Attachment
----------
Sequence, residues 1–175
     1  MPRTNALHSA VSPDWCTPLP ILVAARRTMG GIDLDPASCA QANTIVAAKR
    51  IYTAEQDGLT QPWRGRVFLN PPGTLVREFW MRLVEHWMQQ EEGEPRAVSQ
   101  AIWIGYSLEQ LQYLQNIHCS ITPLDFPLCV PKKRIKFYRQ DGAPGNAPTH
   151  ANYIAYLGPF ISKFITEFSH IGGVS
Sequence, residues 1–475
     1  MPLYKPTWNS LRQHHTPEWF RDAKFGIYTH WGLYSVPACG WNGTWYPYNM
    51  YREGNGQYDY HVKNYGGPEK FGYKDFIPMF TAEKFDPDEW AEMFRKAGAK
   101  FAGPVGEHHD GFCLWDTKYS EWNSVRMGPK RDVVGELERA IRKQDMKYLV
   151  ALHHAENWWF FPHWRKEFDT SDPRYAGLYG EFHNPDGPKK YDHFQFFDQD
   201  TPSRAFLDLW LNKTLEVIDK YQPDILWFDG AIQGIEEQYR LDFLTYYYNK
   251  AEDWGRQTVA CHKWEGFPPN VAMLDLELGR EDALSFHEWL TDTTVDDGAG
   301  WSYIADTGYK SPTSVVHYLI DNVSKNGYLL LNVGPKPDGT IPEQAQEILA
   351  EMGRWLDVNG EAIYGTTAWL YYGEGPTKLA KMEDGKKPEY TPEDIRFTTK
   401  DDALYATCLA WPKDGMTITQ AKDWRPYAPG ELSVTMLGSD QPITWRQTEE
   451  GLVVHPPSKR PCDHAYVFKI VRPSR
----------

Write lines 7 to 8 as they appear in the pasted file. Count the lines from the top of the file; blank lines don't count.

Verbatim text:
     1  MPLYKPTWNS LRQHHTPEWF RDAKFGIYTH WGLYSVPACG WNGTWYPYNM
    51  YREGNGQYDY HVKNYGGPEK FGYKDFIPMF TAEKFDPDEW AEMFRKAGAK